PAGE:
which allow one to reduce disjunction to conjunction and negation or reduce conjunction to disjunction and negation. It follows that $\{\wedge,\neg\}$ and $\{\vee,\neg\}$ are each complete, as is any superset of these sets, since a set is always at least as expressive as any of it subsets. Similarly, because we can express disjunction with negation and the conditional via $$p\vee q\quad\equiv\quad \neg p\to q,$$ it follows that the set $\{\to,\neg\}$ can express $\vee$, and hence also is complete. From these simple observations, we may conclude that each of the following fourteen sets of connectives is complete. In particular, they are all expressively equivalent to each other.
$$\{\wedge,\vee,\neg,\iff\}\qquad\{\wedge,\to,\neg,\iff\}\qquad\{\vee,\to,\neg,\iff\}\qquad \{\wedge,\vee,\neg,\to\}$$
$$\{\wedge,\neg\}\qquad \{\vee,\neg\}\qquad\{\to,\neg\}$$

Notice that each of those complete sets includes the negation connective $\neg$. If we drop it, then the set $\{\wedge,\vee,\to,\iff\}$ is not complete, since each of these four connectives is truth-preserving, and so any logical expression made from them will have a $T$ in the top row of the truth table, where all atoms are true. In particular, these four connectives collectively cannot express negation $\neg$, and so they are not complete.

Clearly, we can express the biconditional as two conditionals, via $$p\iff q\quad\equiv\quad (p\to q)\wedge(q\to p),$$ and so the $\{\wedge,\vee,\to,\iff\}$ is expressively equivalent to $\{\wedge,\vee,\to\}$. And since disjunction can be expressed from the conditional with $$p\vee q\quad\equiv\quad ((p\to q)\to q),$$ it follows that the set is expressively equivalent to $\{\wedge,\to\}$. In light of $$p\wedge q\quad\equiv\quad p\iff(p\to q),$$ it follows that $\{\to,\iff\}$ can express conjunction and hence is also expressively equivalent to $\{\wedge,\vee,\to,\iff\}$. Since
$$p\vee q\quad\equiv\quad(p\wedge q)\iff(p\iff q),$$ it follows that $\{\wedge,\iff\}$ can express $\vee$ and hence also $\to$, because $$p\to q\quad\equiv\quad q\iff(q\vee p).$$ Similarly, using $$p\wedge q\quad\equiv\quad (p\vee q)\iff(p\iff q),$$ we can see that $\{\vee,\iff\}$ can express $\wedge$ and hence also is expressively equivalent to $\{\wedge,\vee,\iff\}$, which we have argued is equivalent to $\{\wedge,\vee,\to,\iff\}$.  For these reasons, the following sets of connectives are expressively equivalent to each other.
$$\{\wedge,\vee,\to\}\qquad\{\wedge,\vee,\iff\}\qquad \{\vee,\to,\iff\}\qquad \{\wedge,\to,\iff\}$$
$$\{\wedge,\iff\}\qquad \{\vee,\iff\}\qquad \{\to,\iff\}\qquad \{\wedge,\to\}$$
And as I had mentioned, these sublanguages are strictly less expressive than the full language, because these four connectives are all truth-preserving and therefore unable to express negation.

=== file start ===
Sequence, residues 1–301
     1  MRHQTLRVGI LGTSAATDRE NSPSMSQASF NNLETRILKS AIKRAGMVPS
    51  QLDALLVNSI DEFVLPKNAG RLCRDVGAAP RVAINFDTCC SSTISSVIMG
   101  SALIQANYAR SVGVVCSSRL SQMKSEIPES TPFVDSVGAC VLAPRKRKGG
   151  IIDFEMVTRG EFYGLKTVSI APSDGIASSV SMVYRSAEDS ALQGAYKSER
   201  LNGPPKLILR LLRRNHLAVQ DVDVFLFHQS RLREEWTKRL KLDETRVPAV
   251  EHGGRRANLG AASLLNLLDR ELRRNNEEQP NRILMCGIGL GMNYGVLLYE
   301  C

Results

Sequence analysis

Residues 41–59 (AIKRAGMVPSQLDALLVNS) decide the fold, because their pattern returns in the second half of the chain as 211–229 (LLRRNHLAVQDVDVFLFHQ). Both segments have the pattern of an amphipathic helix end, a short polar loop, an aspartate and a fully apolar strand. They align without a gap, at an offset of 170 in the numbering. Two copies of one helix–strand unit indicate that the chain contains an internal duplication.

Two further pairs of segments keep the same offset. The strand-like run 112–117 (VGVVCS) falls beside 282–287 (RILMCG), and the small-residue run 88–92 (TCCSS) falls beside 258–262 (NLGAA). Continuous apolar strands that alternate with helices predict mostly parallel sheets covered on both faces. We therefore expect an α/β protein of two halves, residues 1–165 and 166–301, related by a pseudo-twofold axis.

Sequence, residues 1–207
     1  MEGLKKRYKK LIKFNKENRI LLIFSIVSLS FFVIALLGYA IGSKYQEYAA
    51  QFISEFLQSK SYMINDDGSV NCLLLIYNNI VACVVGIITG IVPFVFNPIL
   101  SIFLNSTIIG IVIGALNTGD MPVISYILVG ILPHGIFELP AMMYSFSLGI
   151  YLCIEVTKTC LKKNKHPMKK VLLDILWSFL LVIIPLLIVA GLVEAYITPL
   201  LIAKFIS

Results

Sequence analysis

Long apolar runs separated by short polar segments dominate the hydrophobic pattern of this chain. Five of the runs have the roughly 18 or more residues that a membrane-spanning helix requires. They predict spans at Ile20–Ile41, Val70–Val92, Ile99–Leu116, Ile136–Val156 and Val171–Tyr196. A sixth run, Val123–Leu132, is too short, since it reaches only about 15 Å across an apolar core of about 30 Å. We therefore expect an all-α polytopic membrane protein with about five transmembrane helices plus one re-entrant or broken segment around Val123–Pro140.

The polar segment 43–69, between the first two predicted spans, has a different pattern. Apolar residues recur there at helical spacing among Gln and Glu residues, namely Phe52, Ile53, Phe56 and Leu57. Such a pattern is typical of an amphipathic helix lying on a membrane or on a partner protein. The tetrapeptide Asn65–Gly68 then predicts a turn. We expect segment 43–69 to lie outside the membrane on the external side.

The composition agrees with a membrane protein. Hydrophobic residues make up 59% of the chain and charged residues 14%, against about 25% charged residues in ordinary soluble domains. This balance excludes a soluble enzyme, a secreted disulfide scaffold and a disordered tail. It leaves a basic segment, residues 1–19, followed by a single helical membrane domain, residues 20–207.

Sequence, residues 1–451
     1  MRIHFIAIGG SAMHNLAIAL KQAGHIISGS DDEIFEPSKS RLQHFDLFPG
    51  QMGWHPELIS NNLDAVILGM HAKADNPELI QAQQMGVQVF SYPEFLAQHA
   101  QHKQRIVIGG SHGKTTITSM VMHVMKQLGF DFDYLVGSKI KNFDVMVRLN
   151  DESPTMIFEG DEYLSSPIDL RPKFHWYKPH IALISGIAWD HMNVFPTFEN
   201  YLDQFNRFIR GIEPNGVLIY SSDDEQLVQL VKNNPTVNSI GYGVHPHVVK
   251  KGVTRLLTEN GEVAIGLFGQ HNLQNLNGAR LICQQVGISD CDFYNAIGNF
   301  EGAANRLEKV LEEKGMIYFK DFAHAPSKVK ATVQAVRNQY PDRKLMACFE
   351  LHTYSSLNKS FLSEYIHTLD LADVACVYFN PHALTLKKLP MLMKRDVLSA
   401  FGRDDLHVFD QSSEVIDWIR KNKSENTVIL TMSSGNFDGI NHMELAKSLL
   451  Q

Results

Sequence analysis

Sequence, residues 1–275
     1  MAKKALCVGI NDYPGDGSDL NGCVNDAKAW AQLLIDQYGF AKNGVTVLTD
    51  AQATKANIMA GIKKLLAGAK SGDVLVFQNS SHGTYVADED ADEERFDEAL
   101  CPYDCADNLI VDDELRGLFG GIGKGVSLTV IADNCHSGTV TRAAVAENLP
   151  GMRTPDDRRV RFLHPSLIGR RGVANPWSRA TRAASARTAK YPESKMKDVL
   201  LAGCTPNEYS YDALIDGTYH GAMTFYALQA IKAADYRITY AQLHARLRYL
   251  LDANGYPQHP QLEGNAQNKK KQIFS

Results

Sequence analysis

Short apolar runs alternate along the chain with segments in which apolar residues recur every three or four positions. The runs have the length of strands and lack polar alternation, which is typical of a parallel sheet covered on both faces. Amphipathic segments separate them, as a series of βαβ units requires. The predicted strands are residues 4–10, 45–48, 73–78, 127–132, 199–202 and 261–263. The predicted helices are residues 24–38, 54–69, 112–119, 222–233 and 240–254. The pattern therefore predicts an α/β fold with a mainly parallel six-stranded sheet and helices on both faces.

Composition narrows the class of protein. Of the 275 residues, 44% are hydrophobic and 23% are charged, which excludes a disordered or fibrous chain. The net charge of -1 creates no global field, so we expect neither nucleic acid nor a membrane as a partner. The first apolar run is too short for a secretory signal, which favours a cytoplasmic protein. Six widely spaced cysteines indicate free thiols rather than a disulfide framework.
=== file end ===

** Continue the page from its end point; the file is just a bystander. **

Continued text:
The set $\{\wedge,\vee\}$, I claim, is unable to express any of the other fundamental connectives, because $\wedge$ and $\vee$ are each false-preserving, and so any logical expression built from $\wedge$ and $\vee$ will have $F$ on the bottom row of the truth table, where all atoms are false. Meanwhile, $\to,\iff$ and $\neg$ are not false-preserving, since they each have $T$ on the bottom row of their defining tables. Thus, $\{\wedge,\vee\}$ lies strictly below the languages mentioned in the previous paragraph in terms of logical expressivity.

Meanwhile, using only $\wedge$ we cannot express $\vee$, since any expression in $p$ and $q$ using only $\wedge$ will have the property that any false atom will make the whole expression false (this uses the associativity of $\wedge$), and $p\vee q$ does not have this feature. Similarly, $\vee$ cannot express $\wedge$, since any expression using only $\vee$ is true if any one of its atoms is true, but $p\wedge q$ is not like this. For these reasons, $\{\wedge\}$ and $\{\vee\}$ are both strictly weaker than $\{\wedge,\vee\}$ in logical expressivity.

Next, I claim that $\{\vee,\to\}$ cannot express $\wedge$, and the reason is that the logical operations of $\vee$ and $\to$ each have the property that any expression built from that has at least as many $T$’s as $F$’s in the truth table. This property is true of any propositional atom, and if $\varphi$ has the property, so does $\varphi\vee\psi$ and $\psi\to\varphi$, since these expressions will be true at least as often as $\varphi$ is. Since $\{\vee,\to\}$ cannot express $\wedge$, this language is strictly weaker than $\{\wedge,\vee,\to,\iff\}$ in logical expressivity. Actually, since as we noted above $$p\vee q\quad\equiv\quad ((p\to q)\to q),$$ it follows that $\{\vee,\to\}$ is expressively equivalent to $\{\to\}$.